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Monday, December 10, 2018
Jun 13 2018 (IOM) - Following a tragic week, during which at least 148 migrants lost their lives in two separate sea incidents off the coasts of Tunisia and Yemen, IOM Deputy Director General Ambassador Laura Thompson participated in the public debate “Migration, from Global to Local” where she discussed the challenges of managing one of the most important phenomena of our times: migration.
The debate, which took place last Thursday (07/06), was organized by the Swiss Press Club in Geneva and moderated by the Swiss journalist Luisa Ballin. Ambassador Thompson was joined by Volker Türk, UNHCR Assistant High Commissioner for Protection, and Thierry Apothéloz, Geneva State Councillor responsible for social cohesion.
Amb. Thompson got the discussions underway by commenting on what she noted is the most common question put to her by the press: “What [is there] to do about the problem of migration?”
“Is migration a problem, an opportunity or both? I think that it can be both. I am not going to pretend that migration doesn’t have some downsides. Forced, massive migration movements are indeed a challenge for everybody, as large numbers of people arrive at borders. Irregular migration is another problem for everyone, especially for migrants, who often leave very vulnerable situations.”
“Social issues that are related to migration can also be a problem, such as separated families, lack of access to basic services and migrants who aren’t well integrated,” added Ambassador Thomson.
Despite these challenges, which mainly affect migrants but also transit and destination countries, migration is also an opportunity. “Migration generates jobs, contributes to welfare systems and helps with the flow of goods and knowledge,” highlighted Amb. Thompson.
For Amb. Thompson, the real challenges are the prevalence of myths rather than facts in policy-making, the lack of a coherent international framework to manage migration, and the increasing levels of discrimination and xenophobia.
She identified the adoption of the Sustainable Development Goals (SDGs) – which have incorporated migration as an enabler of development – and the ongoing negotiation of the Global Compact for Migration (GCM) as key opportunities to tackle these issues.
“What is needed to address these challenges is for the GCM to be sufficiently strong in the implementation and follow up of the commitments, [and to] have base-line information to allow the evaluation of progress, connecting the GCM to other international agendas, particularly to the SDGs, as well as moving from declarations to actions,” Amb. Thompson continued.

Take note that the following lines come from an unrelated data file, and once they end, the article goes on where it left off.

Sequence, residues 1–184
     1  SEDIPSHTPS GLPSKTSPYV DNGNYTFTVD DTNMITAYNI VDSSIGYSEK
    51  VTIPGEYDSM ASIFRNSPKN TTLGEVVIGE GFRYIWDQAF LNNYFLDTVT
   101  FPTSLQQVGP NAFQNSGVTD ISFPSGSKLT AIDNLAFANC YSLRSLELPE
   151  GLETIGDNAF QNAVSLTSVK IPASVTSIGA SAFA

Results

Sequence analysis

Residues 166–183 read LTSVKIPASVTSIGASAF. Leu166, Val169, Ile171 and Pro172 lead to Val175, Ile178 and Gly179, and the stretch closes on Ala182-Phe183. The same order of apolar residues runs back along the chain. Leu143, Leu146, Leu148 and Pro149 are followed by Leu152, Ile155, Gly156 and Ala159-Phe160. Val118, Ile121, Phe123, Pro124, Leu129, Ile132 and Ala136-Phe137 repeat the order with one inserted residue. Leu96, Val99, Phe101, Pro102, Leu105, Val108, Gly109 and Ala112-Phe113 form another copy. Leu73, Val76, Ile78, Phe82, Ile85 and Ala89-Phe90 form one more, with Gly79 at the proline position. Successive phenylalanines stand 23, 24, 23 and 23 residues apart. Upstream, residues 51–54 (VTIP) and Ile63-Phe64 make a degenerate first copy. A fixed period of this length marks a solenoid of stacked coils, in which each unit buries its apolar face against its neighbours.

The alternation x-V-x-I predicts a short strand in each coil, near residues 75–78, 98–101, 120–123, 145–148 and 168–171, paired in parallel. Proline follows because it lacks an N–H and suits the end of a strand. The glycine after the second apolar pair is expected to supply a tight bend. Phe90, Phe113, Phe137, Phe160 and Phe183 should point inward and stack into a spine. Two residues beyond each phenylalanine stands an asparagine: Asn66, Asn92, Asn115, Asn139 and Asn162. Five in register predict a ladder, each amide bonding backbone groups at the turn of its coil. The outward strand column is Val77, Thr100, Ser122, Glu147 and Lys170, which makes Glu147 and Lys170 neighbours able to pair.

UNHCR Assistant High Commissioner Volker Türk contextualized the place of refugees within the larger population of people on the move during his remarks. He also noted that there are over 40 million people currently internally displaced within their own country due to conflict. In some instances, armed conflicts have even prevented people from seeking shelter within their own countries.
“You have a very sad picture of people in a desperate situation and predicament,” he said. “If they were able to access safety, it would be through movement. We must remain conscious of why people are put into this situation.”
Türk also reminded the audience that the vast majority of population movements take place in the Global South. “The whole debate around migration and refugee movements [in Europe] has gained a level of attention that doesn’t bear out in terms of numbers. Politics has unfortunately seized this matter.”
As a Government official who supports the non-politicization of migration, Thierry Apothéloz localized the conversation and highlighted the role of civil society organizations. “The title of the event mentions the local context, but the community and civil society level is missing. If the Canton of Geneva is able to provide political and financial support for the integration of migrants, it is civil society organizations who are implementing these policies on the ground,” he remarked.
A member of the audience expressed their disappointment in the lack of factual statistics and stories on migrants in Switzerland during the Q&A part of the debate, given its importance for combating the growing politicization and distortion of migration. The discourse between the panelists and the audience proved not only that the local perspective enriches migration policy planning at the highest levels, but that it is an essential part of the process.
A recording of the event can be found here.
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